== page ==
The forest is particularly dense along this trail, more so than other hikes near Kingsport, so the clearings and meadows among the lush foliage, and especially the waterfalls, come as a surprise.

You’ll pass some of the same lovely cascades seen along the Laurel Run Trail. 

Count on many colorful, fragrant wildflowers in spring, and the crunch of fallen leaves in autumn! 🌸

The hike is overgrown in spots, with fallen trees, moss, and rocks to navigate. You should also keep your eyes open for snakes, as they tend to inhabit the area. It’s part of the adventure, though — the slightly more wild conditions make the loop feel like an adventure

🥾 At just 1.7 miles in length, it won’t take much more than an hour to complete the Canebrake Mountain Overlook Loop, but it’ll feel like you’re far from civilization (the very thing that makes this one of the best hikes in Kingsport, in our opinion!). 

Note that because of its shorter length and the fact that it’s dog-friendly, this trail gets extremely busy, especially on weekends. 

5. Devil’s Backbone and Fall Creek

  • Length: 3.5 miles out and back
  • Elevation gain: 567 feet
  • Difficulty: Moderate
  • Trailhead details: Alltrails
Photo: Amy Mckinney via Alltrails

South of town lies another one of the best hikes near Kingsport, TN – the lollipop loop formed by combining the Devil’s Backbone and Fall Creek trails. 

Located in Warrior’s Path State Park, the hike starts from an inconspicuous spot on a golf course, then goes on to reveal a stunning stretch of the Holston River.

Wildlife sightings are also common, with many deer inhabiting the woods.

Part of the hike follows a ridge high above the river, showcasing impressive cliffs and a panoramic view

Although the hike isn’t particularly technical and it’s dog-friendly, you may want to leave pups and young children at home, since the drop-offs in this section are steep. 

The rest of the hike is much more leisurely, with a flat section weaving alongside Fall Creek. Take a moment to rest (and enjoy a snack!) on the quaint wooden bridge crossing the stream here. 

Only three miles total for both trails, the hike requires about 1.5 hours to complete. Afterward, drive across the bridge to Moody Bluff to admire the route you just tackled! 

Note that many people find the trail tricky to follow in some sections, so it’s a good idea to download the trail map ahead of time.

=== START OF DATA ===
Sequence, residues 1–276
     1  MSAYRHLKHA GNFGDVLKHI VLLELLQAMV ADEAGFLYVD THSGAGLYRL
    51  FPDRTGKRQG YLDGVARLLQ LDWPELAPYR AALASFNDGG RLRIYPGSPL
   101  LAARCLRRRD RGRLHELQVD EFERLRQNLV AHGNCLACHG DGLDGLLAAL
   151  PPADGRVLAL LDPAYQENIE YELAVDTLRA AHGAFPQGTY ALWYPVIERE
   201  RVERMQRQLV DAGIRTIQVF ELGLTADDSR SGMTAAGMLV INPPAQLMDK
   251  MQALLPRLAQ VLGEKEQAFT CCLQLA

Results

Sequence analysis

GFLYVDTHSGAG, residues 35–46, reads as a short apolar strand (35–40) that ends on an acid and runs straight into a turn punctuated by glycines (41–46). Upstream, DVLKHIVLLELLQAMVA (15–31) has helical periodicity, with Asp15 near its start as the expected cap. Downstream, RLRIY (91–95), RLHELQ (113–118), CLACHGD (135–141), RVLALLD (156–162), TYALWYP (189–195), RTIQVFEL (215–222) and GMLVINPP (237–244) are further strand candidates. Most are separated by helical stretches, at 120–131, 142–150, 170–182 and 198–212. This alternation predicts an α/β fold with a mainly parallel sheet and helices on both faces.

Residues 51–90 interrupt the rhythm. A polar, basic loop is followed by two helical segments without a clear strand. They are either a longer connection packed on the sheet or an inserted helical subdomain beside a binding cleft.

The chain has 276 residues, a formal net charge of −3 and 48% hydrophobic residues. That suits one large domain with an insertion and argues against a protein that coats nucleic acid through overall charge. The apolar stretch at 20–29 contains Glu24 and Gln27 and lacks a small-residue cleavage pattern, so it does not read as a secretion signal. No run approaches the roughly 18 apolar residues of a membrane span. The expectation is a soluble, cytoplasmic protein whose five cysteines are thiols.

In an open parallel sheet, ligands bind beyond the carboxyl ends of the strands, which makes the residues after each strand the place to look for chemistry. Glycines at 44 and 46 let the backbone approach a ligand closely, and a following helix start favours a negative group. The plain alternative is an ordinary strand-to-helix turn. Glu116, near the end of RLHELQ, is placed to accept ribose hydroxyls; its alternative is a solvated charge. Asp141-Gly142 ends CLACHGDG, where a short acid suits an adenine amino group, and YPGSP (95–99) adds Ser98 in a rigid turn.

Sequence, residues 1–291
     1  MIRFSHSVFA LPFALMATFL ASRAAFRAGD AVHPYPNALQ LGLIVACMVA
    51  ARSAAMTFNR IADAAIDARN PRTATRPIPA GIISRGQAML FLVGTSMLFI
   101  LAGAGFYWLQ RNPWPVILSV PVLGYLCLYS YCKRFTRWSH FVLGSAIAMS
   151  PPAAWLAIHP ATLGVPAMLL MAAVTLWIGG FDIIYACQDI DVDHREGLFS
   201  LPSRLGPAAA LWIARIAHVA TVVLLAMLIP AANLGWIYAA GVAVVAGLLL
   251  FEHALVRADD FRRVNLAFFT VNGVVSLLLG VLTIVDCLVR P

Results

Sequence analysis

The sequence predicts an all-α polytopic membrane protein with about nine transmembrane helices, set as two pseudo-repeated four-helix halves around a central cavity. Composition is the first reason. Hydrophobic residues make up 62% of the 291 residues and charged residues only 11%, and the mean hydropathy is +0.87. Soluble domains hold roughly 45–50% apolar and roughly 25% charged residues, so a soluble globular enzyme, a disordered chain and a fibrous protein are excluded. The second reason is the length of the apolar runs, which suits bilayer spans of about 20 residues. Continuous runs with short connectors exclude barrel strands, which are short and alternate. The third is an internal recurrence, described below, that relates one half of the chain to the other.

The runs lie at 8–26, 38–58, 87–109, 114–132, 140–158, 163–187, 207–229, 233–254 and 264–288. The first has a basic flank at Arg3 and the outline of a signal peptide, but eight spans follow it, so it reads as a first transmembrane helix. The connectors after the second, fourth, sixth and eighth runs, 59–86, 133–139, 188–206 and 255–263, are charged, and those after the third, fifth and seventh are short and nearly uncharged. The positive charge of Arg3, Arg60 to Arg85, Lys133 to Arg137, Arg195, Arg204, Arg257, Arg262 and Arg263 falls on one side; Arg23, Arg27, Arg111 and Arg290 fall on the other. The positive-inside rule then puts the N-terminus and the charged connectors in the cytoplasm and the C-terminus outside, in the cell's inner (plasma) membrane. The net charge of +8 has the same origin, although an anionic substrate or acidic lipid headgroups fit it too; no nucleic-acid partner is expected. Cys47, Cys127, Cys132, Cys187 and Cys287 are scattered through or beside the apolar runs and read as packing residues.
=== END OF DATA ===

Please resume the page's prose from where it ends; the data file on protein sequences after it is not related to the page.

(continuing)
6. Darwin’s Revenge

  • Length: 2-mile loop
  • Elevation gain: 285 feet
  • Difficulty: Easy
  • Trailhead details: Alltrails
Photo: Scott Densmore via Alltrails

Also located in the Warrior’s Path State Park, the Darwin’s Revenge hike may sound intimidating, but it’s actually one of the most relaxing trails in the area. 

The route even passes by a few small beaches along the Holston River

While the trail isn’t popping you out at the beach, it delves into a lush forest. It’s especially beautiful in the springtime, when the woods pop with vibrant green, wildflowers, and chirping birds

A short and sweet two miles in length, Darwin’s Revenge is a surprisingly relaxing hike, perfect for a spur of the moment stroll with your family and pup. The accessible switchbacks also make it one of the best trails near Kingsport for trail running. 👟

Best of all, you can easily combine this easy-going trail with others in the park for a longer hike. Or, choose one of Warrior’s Path State Park’s other fun outdoor activities pre- or post-hike, like disc golf or kayaking.

The marina inside the park offers SUP and kayak rentals!

7. Kingsport Greenbelt

  • Length: 9 miles total point-to-point
  • Elevation gain: 127 feet
  • Difficulty: Moderate
  • Trailhead details: Alltrails
Kingsport Greenbelt creek (Photo: Robin Bell via Alltrails)

One thing we really love about Kingsport (and really, Tennessee in general!) is that you don’t even have to leave town to enjoy The Great Outdoors

Known locally as just “the Greenbelt,” one of the best hikes in Kingsport runs through the city

The entire trail system spans roughly 10 miles of paved walkways along Reedy Creek and the Holston River, covering just about the entire width of Kingsport. 

However, there are numerous access points and parking locations, so it’s easy to hop on and off to hike (or bike!) as much or as little as you want!

Perfect for a jog, bike ride, or a simple leisurely walk, the Greenbelt highlights some urban attractions in addition to riverside views. 

For example, it passes picture-perfect historical attractions like the Netherland Inn and Museum, which hosted several presidents including Andrew Jackson and James Polk. Stop by to read the markers explaining the region’s fascinating history, including the battle of Kingsport.

There are also several great spots for a rest along the path, like the benches sprinkled throughout Riverside Park. Check out the online brochure for a map and overview of area attractions. 

You can also easily combine a Greenbelt hike with a stroll through downtown Kingsport. Go for a walk after grabbing coffee, or work up an appetite for dinner and a beer in the heart of town!

8. Bays Mountain Road and River Mountains Road Loop

  • Length: 7.6-mile loop
  • Elevation gain: 1,118 feet
  • Difficulty: Moderate
  • Trailhead details: Alltrails
Photo: Daniel Bishop via Alltrails

Looking for a secluded hike that will keep you busy most of the day and that you’ll have all to yourself?

This elongated loop trail weaves through the protected terrain of Bays Mountain Park, providing a full immersion into the beautiful, rugged scenery of the Appalachian Mountains!

The trail passes by highlights including the park’s fire lookout tower, and a small stretch follows the reservoir. 

When conditions are muddy, a perfect alternative is following the gravel service roads. While other hikes near Kingsport often become so slippery that they’re nearly impassable after rain, the alternative path keeps this one clear.

Clocking in at over seven miles, this loop trail will take up a good chunk of your day. There are numerous descents and ascents, which also makes it a fun course for trail runners, as well as experienced mountain bikers

Just remember that although it’s generally not a busy trail, that doesn’t mean it’s empty — always check around corners and use all your senses to keep an eye (and ear) on others to avoid collisions.